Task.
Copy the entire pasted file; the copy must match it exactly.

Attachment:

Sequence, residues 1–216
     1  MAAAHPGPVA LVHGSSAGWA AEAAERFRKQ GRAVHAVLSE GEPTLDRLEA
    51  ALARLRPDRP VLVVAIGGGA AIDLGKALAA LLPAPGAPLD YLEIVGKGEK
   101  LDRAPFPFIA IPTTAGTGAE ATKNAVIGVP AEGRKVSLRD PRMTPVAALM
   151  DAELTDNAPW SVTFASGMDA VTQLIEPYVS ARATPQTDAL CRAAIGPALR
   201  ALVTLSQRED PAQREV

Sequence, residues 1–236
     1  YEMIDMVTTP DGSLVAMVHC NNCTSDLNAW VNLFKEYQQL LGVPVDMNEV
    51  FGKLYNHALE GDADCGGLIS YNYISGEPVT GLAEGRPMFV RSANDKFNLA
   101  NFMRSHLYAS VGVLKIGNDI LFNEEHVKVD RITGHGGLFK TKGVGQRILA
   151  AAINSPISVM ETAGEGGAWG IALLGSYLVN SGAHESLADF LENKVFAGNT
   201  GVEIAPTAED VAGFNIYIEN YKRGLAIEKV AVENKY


Sequence, residues 1–216
     1  MAAAHPGPVA LVHGSSAGWA AEAAERFRKQ GRAVHAVLSE GEPTLDRLEA
    51  ALARLRPDRP VLVVAIGGGA AIDLGKALAA LLPAPGAPLD YLEIVGKGEK
   101  LDRAPFPFIA IPTTAGTGAE ATKNAVIGVP AEGRKVSLRD PRMTPVAALM
   151  DAELTDNAPW SVTFASGMDA VTQLIEPYVS ARATPQTDAL CRAAIGPALR
   201  ALVTLSQRED PAQREV

Sequence, residues 1–236
     1  YEMIDMVTTP DGSLVAMVHC NNCTSDLNAW VNLFKEYQQL LGVPVDMNEV
    51  FGKLYNHALE GDADCGGLIS YNYISGEPVT GLAEGRPMFV RSANDKFNLA
   101  NFMRSHLYAS VGVLKIGNDI LFNEEHVKVD RITGHGGLFK TKGVGQRILA
   151  AAINSPISVM ETAGEGGAWG IALLGSYLVN SGAHESLADF LENKVFAGNT
   201  GVEIAPTAED VAGFNIYIEN YKRGLAIEKV AVENKY